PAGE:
Verse 31 shows that while many rejected Jesus and wanted Him arrested and put away, there were others who believed in Him and were confessing their belief to others in the crowd. Many of them, especially those who came from outside Israel had never heard from or about Jesus before the feast. And when they returned, they would help prepare the way for the Apostles who would later go into all the world to proclaim Christ. This does not mean that all of them actually believed. These had not personally witnessed the miracles of Christ. They had just heard His teaching. And it says they were convinced by the signs which should raise a red flag for us.
The Pharisees heard what this part of the crowd was saying and were further enraged, to the point they sought help from the High Priest, a Sadducee. Normally, these groups hated each other and had even fought wars against each other. But Jesus unites all people into two distinct crowds. Those who believe on Jesus are united in Him. Everyone else unites in heated opposition against Jesus. Pilate and Herod become friends. The Zealots of the political right, the Pharisees of the religious right, the Herodians of the political left, the Sadducees of the religious left, the Romans, and everyone else who rejects Christ is united in trying to destroy Christ. We know from the second Psalm that the Lord of Heaven shall laugh them to scorn who rise up against His Christ. Here they sent the Temple police to arrest Him, but they could not.
Jesus rebuffs the attempts of those to arrest Him by speaking what must have seemed as riddles to them. They simply could not comprehend what He was saying. Many thought that He was saying that He would soon depart and teach and heal the Jews who had come from outside Israel, perhaps even the Gentiles. After all, they could see that most who believed in Jesus had come from there. The Jews from Jerusalem had thought they had seen the light about Jesus. He was an imposter who needed to be put away. The Galilean Jews had walked away when it became apparent Jesus was not going to be the Messiah they expected and desired. So they reasoned that He must have been talking about leaving Israel into the Diaspora of the Jews who loved outside Israel.
Again they were dead wrong in their assessment of what Jesus was saying. Jesus has used parables earlier to separate those who were His from those who were not. Here He speaks riddles. Only those who God had revealed the meaning of Jesus’ words to understood the secret. And for many of these, they would not understand what He was saying until after Jesus’ death and resurrection. We now know that Jesus was not speaking about going to the Gentile world but about His trip to the cross, the resurrection on the third day, and His ascension into heaven at the Father’s right hand. All the rest would wonder just what Jesus had said. Jesus was playing hide and go seek with them.
We need to learn from this that God is sovereign over all the universe. He knows all, He sees all, and He controls all things. For those who know Jesus as Lord and Savior, these are words of greatest comfort. We can rest in the fact that even if the worst thing we can imagine happens to us that it just does not happen. Rather God uses these events for our Eternal good. We often do not see or understand the plan of God but we trust that these things work out for good to those who love God and are the called according to His purpose as Paul tells us in Romans 8. Nothing catches God by surprise, and nothing can separate us from Him.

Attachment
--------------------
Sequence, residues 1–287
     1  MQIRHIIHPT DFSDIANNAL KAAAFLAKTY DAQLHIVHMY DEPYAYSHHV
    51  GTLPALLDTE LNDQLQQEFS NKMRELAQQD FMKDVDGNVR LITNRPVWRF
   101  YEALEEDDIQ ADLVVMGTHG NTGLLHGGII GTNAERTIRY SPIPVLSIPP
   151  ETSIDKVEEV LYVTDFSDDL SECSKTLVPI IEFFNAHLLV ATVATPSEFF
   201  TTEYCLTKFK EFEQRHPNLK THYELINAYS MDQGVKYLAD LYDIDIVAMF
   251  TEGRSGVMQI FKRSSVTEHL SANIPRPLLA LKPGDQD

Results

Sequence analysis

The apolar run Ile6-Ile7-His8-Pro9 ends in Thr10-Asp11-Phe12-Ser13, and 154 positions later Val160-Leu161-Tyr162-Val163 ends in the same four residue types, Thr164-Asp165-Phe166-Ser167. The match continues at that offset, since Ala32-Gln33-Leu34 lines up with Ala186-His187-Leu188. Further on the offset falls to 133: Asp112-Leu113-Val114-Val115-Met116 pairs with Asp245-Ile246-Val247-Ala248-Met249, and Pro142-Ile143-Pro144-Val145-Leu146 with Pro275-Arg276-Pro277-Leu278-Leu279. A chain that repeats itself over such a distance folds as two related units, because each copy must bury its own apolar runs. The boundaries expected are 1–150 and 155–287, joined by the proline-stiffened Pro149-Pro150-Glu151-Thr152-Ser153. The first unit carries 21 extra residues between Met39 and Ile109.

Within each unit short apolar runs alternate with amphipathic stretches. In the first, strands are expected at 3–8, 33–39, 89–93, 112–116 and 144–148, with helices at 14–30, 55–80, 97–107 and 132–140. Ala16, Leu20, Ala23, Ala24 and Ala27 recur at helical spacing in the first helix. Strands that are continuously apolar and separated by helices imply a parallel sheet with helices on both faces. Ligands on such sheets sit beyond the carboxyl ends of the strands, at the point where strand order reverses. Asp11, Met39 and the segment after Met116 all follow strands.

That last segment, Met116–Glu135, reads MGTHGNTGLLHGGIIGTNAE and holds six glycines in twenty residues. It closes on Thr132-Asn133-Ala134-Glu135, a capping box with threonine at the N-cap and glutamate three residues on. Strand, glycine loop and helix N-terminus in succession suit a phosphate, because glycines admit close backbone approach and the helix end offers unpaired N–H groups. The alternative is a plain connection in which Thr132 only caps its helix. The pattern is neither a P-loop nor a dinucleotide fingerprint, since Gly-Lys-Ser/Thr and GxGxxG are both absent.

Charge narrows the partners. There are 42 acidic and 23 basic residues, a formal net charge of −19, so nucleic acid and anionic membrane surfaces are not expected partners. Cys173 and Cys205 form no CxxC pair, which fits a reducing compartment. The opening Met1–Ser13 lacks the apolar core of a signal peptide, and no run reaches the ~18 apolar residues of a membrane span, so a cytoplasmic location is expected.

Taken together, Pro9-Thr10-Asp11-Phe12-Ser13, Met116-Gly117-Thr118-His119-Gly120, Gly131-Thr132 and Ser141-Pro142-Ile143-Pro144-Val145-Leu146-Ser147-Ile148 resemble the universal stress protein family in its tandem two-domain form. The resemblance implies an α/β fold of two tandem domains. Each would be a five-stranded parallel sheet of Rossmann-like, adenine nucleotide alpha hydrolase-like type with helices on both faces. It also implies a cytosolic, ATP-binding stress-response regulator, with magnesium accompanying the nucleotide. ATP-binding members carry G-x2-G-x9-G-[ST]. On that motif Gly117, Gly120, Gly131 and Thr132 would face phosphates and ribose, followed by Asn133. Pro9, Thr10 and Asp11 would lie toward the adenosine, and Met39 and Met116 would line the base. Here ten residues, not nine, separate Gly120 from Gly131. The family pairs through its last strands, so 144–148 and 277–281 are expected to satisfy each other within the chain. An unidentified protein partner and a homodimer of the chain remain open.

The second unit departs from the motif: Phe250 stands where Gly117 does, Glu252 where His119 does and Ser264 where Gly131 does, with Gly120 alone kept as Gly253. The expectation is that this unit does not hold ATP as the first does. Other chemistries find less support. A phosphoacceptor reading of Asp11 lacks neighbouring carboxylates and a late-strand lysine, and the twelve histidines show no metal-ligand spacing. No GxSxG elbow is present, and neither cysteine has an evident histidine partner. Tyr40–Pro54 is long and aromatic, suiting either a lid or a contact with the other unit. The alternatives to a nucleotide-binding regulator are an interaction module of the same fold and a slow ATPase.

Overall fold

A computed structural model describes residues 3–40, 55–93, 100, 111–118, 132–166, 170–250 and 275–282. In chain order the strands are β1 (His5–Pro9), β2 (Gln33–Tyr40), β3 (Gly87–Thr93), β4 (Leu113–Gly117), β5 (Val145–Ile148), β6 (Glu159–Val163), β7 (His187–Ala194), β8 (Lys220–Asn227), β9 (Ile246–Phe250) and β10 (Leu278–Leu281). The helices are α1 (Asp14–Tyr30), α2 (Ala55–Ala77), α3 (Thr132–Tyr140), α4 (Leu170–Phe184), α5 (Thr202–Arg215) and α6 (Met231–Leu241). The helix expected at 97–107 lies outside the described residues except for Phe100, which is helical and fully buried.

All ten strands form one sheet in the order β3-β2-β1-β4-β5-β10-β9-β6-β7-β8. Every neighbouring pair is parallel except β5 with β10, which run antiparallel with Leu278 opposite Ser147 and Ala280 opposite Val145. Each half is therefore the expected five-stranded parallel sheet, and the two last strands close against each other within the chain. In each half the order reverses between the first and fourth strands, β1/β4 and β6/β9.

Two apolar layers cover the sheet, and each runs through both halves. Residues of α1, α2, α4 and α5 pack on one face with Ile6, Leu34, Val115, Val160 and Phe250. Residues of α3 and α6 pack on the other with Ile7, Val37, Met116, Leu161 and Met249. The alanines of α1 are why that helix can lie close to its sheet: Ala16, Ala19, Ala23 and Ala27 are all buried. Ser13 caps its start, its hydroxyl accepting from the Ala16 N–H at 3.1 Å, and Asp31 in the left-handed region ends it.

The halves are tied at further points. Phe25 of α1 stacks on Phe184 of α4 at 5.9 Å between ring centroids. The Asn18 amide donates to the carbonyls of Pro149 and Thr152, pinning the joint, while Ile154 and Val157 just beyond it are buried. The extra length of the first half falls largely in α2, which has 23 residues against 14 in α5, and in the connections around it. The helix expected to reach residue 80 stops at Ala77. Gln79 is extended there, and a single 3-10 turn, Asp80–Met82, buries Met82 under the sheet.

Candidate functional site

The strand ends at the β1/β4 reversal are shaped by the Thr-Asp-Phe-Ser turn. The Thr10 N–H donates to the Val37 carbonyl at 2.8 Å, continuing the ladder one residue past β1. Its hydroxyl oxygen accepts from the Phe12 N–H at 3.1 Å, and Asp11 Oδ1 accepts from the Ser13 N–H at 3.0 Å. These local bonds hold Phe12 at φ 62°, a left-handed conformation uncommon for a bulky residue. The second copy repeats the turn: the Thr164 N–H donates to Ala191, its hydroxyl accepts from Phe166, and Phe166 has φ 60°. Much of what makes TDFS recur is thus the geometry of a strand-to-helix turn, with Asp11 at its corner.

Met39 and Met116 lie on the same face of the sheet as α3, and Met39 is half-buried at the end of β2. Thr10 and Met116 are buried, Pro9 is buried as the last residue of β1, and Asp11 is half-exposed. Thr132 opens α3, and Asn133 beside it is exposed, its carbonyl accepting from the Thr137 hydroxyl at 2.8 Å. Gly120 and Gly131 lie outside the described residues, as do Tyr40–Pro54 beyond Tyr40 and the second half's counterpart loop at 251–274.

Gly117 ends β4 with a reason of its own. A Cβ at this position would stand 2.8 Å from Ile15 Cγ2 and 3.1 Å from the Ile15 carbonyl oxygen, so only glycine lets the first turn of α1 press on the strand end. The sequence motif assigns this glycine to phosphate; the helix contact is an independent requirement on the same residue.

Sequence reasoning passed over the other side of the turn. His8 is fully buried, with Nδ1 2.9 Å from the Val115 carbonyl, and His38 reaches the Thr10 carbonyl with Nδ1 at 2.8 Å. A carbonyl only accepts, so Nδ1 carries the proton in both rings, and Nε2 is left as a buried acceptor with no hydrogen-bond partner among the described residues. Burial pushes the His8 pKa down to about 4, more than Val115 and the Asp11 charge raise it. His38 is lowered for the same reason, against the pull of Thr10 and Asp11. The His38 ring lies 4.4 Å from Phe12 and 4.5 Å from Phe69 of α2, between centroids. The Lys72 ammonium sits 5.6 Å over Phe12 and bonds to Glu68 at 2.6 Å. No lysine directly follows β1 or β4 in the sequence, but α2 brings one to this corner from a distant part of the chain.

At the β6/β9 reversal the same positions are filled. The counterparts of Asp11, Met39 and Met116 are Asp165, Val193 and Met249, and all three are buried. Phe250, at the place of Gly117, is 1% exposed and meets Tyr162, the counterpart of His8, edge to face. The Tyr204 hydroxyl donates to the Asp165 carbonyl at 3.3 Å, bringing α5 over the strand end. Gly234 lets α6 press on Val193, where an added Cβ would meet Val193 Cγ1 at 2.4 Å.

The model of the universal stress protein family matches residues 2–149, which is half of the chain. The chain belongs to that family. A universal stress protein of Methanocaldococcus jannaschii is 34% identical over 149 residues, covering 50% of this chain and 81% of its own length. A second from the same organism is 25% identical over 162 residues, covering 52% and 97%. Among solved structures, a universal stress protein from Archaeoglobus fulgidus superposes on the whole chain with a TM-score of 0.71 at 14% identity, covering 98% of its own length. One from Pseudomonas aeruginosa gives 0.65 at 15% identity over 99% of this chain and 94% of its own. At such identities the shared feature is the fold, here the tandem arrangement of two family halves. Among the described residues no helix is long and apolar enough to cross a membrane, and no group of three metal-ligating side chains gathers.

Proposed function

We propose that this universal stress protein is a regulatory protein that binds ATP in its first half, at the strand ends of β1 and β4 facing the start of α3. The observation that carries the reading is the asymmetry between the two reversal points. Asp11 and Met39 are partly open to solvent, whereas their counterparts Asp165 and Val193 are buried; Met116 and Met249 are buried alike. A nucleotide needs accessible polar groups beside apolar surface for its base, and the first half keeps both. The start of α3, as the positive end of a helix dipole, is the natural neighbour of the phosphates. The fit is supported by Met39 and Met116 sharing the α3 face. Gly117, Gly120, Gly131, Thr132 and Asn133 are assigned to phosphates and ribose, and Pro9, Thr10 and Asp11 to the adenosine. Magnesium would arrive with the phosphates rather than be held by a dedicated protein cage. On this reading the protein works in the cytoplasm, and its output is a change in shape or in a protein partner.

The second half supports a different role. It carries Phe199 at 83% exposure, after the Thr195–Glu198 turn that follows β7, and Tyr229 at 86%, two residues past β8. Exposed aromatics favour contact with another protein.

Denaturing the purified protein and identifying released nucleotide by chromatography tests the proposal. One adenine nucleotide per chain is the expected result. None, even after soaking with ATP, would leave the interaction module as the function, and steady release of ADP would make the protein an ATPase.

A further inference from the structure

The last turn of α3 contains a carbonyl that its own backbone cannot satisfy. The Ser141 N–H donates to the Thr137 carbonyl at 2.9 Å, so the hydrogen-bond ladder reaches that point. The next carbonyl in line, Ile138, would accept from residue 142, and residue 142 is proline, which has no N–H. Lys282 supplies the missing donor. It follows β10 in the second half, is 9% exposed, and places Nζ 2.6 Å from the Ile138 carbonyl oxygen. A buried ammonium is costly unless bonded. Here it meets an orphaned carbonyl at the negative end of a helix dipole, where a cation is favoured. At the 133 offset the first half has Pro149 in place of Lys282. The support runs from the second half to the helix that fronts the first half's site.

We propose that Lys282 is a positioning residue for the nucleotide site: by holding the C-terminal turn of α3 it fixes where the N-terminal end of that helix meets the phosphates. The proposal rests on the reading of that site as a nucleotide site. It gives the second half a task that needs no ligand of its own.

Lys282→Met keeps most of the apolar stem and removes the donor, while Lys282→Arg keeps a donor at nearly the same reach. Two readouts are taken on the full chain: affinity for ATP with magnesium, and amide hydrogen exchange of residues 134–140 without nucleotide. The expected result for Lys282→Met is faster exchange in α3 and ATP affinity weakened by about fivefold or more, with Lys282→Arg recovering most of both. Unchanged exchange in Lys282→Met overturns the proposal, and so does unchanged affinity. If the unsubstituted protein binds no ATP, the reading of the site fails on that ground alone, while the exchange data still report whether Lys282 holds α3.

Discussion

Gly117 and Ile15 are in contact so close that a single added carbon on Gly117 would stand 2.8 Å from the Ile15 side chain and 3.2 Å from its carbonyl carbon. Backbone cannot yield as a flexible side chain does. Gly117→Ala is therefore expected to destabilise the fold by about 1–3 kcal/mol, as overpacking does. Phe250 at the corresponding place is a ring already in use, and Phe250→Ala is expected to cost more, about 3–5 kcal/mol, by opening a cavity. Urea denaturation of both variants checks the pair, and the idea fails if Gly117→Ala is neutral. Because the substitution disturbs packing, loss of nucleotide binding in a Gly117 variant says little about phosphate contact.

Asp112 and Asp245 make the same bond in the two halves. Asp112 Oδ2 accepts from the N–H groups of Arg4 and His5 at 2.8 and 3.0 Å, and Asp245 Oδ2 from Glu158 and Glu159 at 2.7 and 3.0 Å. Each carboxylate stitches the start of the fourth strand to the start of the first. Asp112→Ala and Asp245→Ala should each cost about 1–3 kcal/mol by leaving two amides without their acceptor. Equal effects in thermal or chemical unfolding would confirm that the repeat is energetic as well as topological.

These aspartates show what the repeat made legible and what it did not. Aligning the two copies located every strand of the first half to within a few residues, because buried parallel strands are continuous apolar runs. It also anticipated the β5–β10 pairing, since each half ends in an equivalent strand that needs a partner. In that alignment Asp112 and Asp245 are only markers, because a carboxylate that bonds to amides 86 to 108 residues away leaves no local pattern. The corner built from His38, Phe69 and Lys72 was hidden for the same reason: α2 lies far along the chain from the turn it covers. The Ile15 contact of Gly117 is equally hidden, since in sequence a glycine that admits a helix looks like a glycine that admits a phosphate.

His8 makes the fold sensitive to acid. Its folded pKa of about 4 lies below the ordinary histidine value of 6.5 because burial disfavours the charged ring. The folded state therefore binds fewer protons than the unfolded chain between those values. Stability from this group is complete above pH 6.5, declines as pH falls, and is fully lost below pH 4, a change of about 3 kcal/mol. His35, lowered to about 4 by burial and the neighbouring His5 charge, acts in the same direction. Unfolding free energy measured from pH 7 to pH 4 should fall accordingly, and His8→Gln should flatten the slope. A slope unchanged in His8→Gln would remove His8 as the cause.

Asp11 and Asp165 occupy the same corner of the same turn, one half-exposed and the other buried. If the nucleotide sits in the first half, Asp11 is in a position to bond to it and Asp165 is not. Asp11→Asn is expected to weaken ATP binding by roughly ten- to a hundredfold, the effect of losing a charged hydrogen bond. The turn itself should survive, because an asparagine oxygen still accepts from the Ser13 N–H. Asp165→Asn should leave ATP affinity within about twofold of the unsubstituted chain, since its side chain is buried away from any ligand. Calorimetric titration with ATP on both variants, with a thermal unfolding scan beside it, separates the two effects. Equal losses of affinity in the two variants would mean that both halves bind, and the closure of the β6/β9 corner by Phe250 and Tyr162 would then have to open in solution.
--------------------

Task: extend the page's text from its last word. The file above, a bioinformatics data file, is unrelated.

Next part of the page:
To those who are outside, these words are as infuriating today as back then. They want to crucify the mention of Jesus and have Him removed from the history books and from the minds of all. If they cannot seize and physically kill Jesus, they nevertheless try to kill all mention of him as an unutterable blasphemer against the supremacy of human will and endeavor. They undertake with all their heart to persecute anyone who would remind them that this is not their world, it is the Lord’s world and we are His servants. And the same irony which is mentioned in this text, as much as they try to eradicate God from their hearts, deep down in their hearts they know that Jesus is indeed the Christ of God and they are terrified. They will try to kill him again and again with their philosophies, drown him in beer, and distract themselves in work not to face the truth. But they cannot escape the truth. In their very act of suppressing the truth, they have to address it in order to deny it.
We know from the Gospel of John that in spite of this “God so loved the world that He gave His only-begotten Son that whosover believes in Him should not perish but have everlasting life.” We know the purpose of Jesus was not to condemn the world but to save it. Sometimes the most violent opponents of Jesus are converted like Paul was. Rather than delving into mysteries of God’s will such as election and predestination, we instead need to be obedient in going out into all the world and proclaim the Gospel of Jesus Christ, the Gospel, the whole Gospel, and nothing but the Gospel. It is true that these things are riddles to the unbeliever. But when the light of God shines in their heart, the Holy Spirit will awaken them from death and grant them repentance. Then they will see and know the truth. And the truth will set them free. Then they for the first time will be able to see the light which outshines the sun.